Review of “The Billion Dollar Spy” by David Hoffman

“The Billion Dollar Spy”  by David E. Hoffman, is a 2015 non-fiction account of what is known of Adolph Tolkachev, a highly productive spy for the United States. Tolkachev was an employee in the scientific community of the Soviet Union during the Cold War. Until he was caught by the KGB, he delivered what was probably the most valuable information the CIA ever received about aviation and radar research and development activity in Moscow.  I enjoyed this well-written book immensely. It reads like a good thriller, and you cannot help becoming emotionally involved in the lives of the main characters. You are told early on that Tolkachev will not survive, but that knowledge did not spoil the book for me, but made it all the more tragic.

The book is non-fiction, based on archival research as well as interviews with some of the participants. It reads like a good thriller and was very difficult to put down. It captured the atmosphere of the Cold War, and portrayed the complexities and dangers of running a spy in Moscow during that time. It provides good background on what diplomats and CIA employees went through while being stationed in Moscow, and gives the reader a great appreciation of the difficulty and courage involved in this work. There is no glamour here. The stress involved in doing covert work in Moscow while under almost constant surveillance by the KGB is evident, as is the personal toll this work took on all concerned.

The largest personal toll was paid by the spy himself, Adolph Tolkachev, who wanted little more than to provide as much information as possible to the West that would do the maximum damage to the Soviet Union which he had grown to loathe. The bravery and obstinance of this complex man was evident throughout, and his willingness to continue providing the CIA information as the KGB’s net grew tighter around him is admirable, but difficult to comprehend. The life of a spy in Moscow in those times was certainly not a particularly good one. Tolkachev’s tragedy is made even more poignant knowing that he actually got little that was useful to him in return from the United States. He demanded large amounts of money, but was really not able to spend it. It seemed to be a form of scorekeeping to him, a measure of his personal worth. The value of the information he provided was far in excess of any benefits he may have received. The CIA was reluctant to provide him with even very simple rewards, like rock music for his son, since being found with such material not readily available in the Soviet Union would have opened him up to unwelcome scrutiny. The author hints, that many lives were saved in our conflicts in Iraq since the United States had vastly superior air power than Iraq. The Russian-provided technology used by Iraq was able to be defeated easily since the United States had extensive knowledge of weaknesses in Soviet aviation and radar largely due to information provided by Tolkachev.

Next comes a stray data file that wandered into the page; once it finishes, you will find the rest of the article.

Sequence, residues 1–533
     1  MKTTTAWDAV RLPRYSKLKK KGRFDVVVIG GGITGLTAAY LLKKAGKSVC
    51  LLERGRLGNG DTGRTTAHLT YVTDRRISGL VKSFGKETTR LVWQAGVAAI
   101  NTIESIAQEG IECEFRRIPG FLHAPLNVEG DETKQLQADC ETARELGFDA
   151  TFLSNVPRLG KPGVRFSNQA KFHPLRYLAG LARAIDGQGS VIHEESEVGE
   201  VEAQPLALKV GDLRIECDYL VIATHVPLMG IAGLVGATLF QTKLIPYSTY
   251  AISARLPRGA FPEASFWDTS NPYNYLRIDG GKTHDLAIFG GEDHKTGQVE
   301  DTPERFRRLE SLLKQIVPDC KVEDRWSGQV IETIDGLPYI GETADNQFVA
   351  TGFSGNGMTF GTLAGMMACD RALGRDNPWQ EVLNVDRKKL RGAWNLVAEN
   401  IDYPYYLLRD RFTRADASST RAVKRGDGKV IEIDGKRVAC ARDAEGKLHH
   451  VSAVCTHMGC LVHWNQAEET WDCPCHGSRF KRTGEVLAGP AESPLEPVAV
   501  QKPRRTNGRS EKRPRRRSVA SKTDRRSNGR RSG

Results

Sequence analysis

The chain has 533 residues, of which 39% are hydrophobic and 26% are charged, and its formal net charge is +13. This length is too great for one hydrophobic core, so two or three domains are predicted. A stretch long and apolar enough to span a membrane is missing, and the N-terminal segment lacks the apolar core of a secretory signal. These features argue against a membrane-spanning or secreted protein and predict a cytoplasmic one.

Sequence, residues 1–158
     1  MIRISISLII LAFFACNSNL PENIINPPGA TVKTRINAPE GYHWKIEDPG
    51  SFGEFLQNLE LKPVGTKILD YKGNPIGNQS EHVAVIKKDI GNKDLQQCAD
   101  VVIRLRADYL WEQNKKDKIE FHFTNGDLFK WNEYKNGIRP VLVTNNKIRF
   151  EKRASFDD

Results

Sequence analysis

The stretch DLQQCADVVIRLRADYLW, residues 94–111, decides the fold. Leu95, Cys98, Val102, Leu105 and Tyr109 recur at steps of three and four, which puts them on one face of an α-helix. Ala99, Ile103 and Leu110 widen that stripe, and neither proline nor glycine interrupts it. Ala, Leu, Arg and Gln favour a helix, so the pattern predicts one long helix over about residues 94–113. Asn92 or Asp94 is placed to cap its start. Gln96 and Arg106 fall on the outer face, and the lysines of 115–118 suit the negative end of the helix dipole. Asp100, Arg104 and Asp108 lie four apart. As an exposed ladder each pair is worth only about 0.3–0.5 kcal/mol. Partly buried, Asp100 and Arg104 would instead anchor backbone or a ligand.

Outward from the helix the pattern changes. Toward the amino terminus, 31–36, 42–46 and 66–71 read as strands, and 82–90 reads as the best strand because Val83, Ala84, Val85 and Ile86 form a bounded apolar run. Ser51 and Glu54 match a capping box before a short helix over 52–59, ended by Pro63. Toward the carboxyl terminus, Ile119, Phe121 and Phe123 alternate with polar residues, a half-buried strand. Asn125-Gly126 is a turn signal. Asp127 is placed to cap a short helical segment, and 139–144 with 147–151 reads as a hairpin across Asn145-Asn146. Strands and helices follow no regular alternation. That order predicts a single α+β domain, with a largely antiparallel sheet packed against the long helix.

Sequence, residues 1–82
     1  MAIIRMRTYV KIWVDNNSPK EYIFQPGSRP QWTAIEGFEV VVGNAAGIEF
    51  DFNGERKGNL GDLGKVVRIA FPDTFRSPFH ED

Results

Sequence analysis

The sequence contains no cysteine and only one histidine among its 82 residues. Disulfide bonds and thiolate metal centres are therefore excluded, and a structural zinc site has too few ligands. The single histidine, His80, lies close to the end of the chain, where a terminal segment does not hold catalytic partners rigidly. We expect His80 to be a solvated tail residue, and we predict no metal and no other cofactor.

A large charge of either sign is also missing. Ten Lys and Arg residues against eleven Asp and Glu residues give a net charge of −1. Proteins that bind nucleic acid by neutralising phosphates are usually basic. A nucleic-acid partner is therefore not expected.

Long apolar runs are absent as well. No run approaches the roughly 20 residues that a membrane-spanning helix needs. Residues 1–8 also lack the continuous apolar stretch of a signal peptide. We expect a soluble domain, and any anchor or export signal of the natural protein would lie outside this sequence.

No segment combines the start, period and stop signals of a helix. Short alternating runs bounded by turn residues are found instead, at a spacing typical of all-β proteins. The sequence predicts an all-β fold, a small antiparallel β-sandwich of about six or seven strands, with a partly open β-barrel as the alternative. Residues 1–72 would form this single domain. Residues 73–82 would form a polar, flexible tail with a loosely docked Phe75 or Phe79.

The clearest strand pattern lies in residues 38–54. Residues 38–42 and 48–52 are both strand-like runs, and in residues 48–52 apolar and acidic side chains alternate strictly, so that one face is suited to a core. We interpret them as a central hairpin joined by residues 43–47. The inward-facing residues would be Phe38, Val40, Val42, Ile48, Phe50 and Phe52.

I read this book to get a handle on realistic information on how the CIA operated in Moscow. Although much of the information is now outdated, the stresses, strains and personal tolls paid in the pursuit of actionable on-the-ground intelligence are well presented in this outstanding work. Real spying work involves long and tedious surveillance detection runs, and reading in closets to avoid the scrutiny of any planted video cameras. The presence of deep personal tragedy runs throughout. The wrenching ethical decisions of balancing the demands for more information against the personal risk taken by the provider of that information are clear here. These are tough decisions.

I purchased this book at the “Mysterious Bookstore” in New York during my visit there to attend Thrillerfest. It was well worth the purchase.

I also posted this in Goodreads.


Leave a Reply

Fill in your details below or click an icon to log in: Logo

You are commenting using your account. Log Out /  Change )

Google photo

You are commenting using your Google account. Log Out /  Change )

Twitter picture

You are commenting using your Twitter account. Log Out /  Change )

Facebook photo

You are commenting using your Facebook account. Log Out /  Change )

Connecting to %s